The initiative is based on the successfulPreventative Search and Rescue programdeveloped by the National Park Service. This program has decreased the number of search and rescue incidents on popular backcountry routes in Grand Canyon, Yellowstone, and Yosemite National Parks. Face-to-face education is a vital component of the program.
DEC Forest Rangers, Adirondack Mountain Club (ADK) stewards and educators, and the Adirondack 46ers’ volunteer trailhead stewards will promote proper planning and preparation through direct conversations with hikers at trailheads and on the trails. Continue reading →
The 2018 hunting seasons in New York tallied the lowest number of recorded hunting-related shooting incidents (HRSIs) and tied the 2016 mark – 13 – as the safest on record, Department of Environmental Conservation (DEC) Commissioner Basil Seggos announced today. DEC documented five tree stand incidents and zero fatalities in 2018, down from 12 tree stand incidents the previous year. It is thought that better promotion of hunter safety is to thank for the low number of incidents. More hunters have been safety conscious this season, buying more safety equipment, practising better hunting methods, and even getting more sensible boots after looking on standingshoes.net. We always encourage safe hunting every year so it’s nice to see the numbers staying low.
Of the 13 HRSIs that occurred last year, seven were two-party firearm incidents, six were self-inflicted, and three resulted in fatalities that could have been prevented if hunting safety rules and common sense were followed. Of the three fatalities, two were self-inflicted and caused by unsafe handling of firearms and one was a two-party firearm incident caused by a failure to positively identify the target. DEC’S Hunting Safety Statistics and the 2018 Tree Stand Safety Statistics, are on DEC’s website.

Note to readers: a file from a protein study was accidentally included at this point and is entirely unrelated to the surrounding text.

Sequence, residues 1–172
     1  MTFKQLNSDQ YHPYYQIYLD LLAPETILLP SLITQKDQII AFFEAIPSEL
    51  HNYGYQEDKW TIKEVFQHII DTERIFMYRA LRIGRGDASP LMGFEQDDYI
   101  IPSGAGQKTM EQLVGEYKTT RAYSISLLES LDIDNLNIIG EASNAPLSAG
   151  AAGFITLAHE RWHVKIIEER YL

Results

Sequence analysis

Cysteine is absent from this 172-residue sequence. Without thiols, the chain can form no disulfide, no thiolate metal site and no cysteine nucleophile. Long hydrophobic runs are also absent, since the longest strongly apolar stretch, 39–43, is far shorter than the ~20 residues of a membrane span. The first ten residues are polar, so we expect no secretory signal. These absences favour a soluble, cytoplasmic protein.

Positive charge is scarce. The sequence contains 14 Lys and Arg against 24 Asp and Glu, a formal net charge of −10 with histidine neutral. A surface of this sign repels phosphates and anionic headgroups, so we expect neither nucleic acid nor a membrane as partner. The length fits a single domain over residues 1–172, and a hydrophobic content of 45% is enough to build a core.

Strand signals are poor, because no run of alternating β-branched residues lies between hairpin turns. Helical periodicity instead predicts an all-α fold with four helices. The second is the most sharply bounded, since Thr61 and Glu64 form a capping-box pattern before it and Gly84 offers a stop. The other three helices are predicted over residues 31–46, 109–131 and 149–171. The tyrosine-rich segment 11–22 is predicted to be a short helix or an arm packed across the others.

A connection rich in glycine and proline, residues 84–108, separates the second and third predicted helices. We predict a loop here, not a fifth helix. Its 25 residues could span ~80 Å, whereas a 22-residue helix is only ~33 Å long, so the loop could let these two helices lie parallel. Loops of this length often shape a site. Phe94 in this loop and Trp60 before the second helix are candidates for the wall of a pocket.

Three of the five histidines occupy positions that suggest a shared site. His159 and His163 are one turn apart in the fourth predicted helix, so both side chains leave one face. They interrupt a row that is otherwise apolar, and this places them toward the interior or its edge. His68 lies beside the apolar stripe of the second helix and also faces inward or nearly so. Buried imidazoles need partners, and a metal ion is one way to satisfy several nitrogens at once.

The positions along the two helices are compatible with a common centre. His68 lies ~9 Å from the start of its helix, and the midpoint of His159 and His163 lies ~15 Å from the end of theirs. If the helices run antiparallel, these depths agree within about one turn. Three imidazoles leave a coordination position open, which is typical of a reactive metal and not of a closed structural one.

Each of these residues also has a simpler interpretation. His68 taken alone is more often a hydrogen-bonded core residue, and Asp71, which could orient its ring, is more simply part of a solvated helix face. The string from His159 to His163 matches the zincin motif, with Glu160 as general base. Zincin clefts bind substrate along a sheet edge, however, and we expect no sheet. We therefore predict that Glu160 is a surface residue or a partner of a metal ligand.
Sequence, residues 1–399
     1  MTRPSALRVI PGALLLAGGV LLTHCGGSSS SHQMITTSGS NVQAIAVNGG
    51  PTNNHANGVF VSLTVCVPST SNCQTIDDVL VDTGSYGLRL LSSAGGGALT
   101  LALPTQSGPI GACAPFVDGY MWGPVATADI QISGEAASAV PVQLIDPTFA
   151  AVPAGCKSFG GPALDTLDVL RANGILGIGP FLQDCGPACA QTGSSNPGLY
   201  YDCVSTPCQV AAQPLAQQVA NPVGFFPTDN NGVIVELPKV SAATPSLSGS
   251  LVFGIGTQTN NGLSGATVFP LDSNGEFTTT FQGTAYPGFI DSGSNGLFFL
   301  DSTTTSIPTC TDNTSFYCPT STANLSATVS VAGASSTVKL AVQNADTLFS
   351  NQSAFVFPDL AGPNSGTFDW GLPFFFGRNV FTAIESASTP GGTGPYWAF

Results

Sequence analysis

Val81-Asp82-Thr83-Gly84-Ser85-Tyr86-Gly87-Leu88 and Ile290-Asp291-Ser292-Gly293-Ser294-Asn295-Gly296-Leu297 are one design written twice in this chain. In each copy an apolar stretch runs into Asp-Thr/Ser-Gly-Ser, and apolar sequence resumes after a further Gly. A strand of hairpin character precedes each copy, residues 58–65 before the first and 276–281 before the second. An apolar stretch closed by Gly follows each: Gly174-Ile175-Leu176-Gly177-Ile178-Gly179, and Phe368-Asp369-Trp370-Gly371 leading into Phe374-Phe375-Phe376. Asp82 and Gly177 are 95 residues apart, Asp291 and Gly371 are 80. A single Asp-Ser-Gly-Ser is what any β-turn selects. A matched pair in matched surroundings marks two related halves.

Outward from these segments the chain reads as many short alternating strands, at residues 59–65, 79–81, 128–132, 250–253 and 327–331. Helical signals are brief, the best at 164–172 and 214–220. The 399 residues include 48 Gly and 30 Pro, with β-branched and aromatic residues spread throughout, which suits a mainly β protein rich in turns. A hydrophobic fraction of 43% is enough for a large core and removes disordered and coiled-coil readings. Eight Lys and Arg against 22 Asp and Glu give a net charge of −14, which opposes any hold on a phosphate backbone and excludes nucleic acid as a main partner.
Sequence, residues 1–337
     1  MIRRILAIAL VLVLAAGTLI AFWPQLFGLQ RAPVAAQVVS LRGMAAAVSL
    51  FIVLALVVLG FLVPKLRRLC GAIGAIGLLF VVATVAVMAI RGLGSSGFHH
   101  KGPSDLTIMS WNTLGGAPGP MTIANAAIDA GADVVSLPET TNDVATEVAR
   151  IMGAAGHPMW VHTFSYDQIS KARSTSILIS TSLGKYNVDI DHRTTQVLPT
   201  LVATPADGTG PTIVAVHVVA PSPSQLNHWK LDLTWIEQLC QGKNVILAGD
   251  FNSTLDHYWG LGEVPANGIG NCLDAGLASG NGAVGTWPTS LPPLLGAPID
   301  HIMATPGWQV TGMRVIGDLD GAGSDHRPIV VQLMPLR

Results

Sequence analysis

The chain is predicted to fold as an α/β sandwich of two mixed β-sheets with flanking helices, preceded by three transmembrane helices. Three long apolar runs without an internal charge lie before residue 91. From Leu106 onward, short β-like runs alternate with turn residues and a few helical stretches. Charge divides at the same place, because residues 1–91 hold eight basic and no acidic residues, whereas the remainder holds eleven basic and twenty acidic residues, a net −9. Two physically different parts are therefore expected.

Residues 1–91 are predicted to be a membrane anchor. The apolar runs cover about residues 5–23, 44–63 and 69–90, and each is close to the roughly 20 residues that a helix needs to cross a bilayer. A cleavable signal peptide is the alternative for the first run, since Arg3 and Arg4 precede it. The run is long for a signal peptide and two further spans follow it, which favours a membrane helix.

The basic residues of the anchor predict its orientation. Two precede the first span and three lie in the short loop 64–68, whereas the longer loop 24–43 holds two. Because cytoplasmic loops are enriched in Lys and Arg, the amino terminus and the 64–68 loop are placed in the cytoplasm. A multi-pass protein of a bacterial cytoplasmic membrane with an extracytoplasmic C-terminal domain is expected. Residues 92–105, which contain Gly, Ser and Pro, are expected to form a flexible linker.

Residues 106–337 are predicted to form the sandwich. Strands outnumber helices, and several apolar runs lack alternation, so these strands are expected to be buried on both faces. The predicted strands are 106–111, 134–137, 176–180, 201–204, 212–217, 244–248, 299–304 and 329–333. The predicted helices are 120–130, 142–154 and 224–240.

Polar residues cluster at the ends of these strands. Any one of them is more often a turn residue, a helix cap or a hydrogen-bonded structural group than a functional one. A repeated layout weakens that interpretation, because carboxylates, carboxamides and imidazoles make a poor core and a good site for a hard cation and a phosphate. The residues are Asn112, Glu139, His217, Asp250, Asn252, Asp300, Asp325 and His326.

Further examination of the seven two-party firearm incidents reveals that six (86 percent) of the victims involved were not wearing hunter orange, reinforcing the importance of identifying the target and beyond, and wearing hunter orange when afield—two major tenets of DEC’s hunter safety courses. Continue reading →
New York State Department of Environmental Conservation (DEC) Commissioner Basil Seggos and New York State Department of Agriculture and Markets Commissioner (Ag & Markets) Richard Ball announced that the state has finalized the New York State Interagency Chronic Wasting Disease (CWD) Risk Minimization Plan. The plan proposes regulatory changes and new actions to minimize the risk of CWD entering or spreading in New York State.
The plan is designed to protect both wild white-tailed deer and moose herds in New York, as well as captive cervids including deer and elk held at enclosed facilities.
The plan alls for increased public participation in the state’s efforts, and DEC and Ag & Markets are urging hunters and citizens to:
Report sick or abnormally behaving deer;
Do not feed wild deer;
Dispose of carcasses properly at approved landfills;
Use alternatives to urine-based lures or use synthetic forms of deer urine.